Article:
For those who don't know, Metro publishes ridership information on their web site. I went ahead and nailed down the numbers for August, and ridership is off 2.7% for the month so far. These figures are adjusted so weekends line up in comparison. All figures are for Metrorail only.
Sorry that it's a JPG of an Excel spreadsheet, I don't have access to better publishing tools at the moment.
After a debate in the comments to the previous post, I was curious if the "trend" of less ridership has lasted into August. It appears it has. Weekend ridership has certainly been hit, not surprisingly given the amount of track work.
The fact that ridership is off during the week makes me think a certain percentage of people have selected an alternate way of getting to work. We'll see if this continues for the rest of the month, and if it also happens in September as well. To be clear, I'm not pinning this all on the 6/22 crash. I find it interesting that weekday ridership is still down, given that the Red Line has restored nearly full service at rush hour.
How can we make any sort of conclusion, given that there is a major recession going on, and that may impact how many people use public transportation?
Well, let's compare May 2009 to May 2008. We should be able to compare this difference to August 2009 versus 2008. The economic situation in May is not that different than August, and there was no major rail crash in May.
Unfortunately Metro screwed up their ridership information. If you believe what is on their web site, then ridership was up just about 4% in May. However, the data from May 11 and May 12 is not correct. If you go back to the May 2008 archives, the ridership is listed as "TBD." These two days should be compared against weekday ridership data, and those 362,024 and 352,542 numbers don't make any sense for weekday travel. If you filter those two days out, you end up with ridership being off by 0.18%.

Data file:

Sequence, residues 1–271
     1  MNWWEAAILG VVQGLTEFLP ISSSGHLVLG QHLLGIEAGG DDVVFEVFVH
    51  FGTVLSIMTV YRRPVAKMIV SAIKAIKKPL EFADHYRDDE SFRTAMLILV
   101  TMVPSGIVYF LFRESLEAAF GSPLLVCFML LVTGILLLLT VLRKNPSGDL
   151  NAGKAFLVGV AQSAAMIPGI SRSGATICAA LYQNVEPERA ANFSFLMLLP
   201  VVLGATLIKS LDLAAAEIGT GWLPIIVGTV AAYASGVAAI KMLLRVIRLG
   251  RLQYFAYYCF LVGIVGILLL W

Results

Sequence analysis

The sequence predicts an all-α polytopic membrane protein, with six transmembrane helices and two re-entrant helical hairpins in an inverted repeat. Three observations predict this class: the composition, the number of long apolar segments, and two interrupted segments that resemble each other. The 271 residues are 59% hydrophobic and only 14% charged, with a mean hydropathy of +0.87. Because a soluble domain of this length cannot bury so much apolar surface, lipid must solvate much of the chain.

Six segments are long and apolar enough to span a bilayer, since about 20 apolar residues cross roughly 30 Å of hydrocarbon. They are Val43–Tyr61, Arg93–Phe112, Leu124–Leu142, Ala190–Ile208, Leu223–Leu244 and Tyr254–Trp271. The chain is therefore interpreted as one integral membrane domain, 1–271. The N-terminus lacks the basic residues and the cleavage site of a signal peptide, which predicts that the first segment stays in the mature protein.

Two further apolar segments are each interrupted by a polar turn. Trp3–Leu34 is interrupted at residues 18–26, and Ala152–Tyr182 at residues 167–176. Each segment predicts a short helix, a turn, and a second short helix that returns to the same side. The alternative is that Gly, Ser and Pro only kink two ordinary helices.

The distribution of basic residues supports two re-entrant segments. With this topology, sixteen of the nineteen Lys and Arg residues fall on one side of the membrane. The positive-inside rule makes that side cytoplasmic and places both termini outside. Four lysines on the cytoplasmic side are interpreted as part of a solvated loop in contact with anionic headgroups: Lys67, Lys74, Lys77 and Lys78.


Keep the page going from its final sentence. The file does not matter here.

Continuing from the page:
I don't trust Metro's reporting very well, and only wish it was available on their site in a XLS or something easier to work with.
If we suppose that for some reason Metro's numbers are correct, and that ridership in May and June were up over 2008, even in the midst of the recession, then the fact that we are down another 2.7% in August is significant. That points to the fallout from 6/22 as being a big reason for a decline. There was indeed a 1.71% increase in ridership in June, if you exclude the data from after the 6/22 crash.
If ridership being down 2.3% in July is a Big Story, then being down 2.7% in August is just as big. I would venture to guess about 1.5-2% of this decline is due to the 6/22 crash. Since the trend continues during rush hour days in August, I imagine some people have given up on Metro.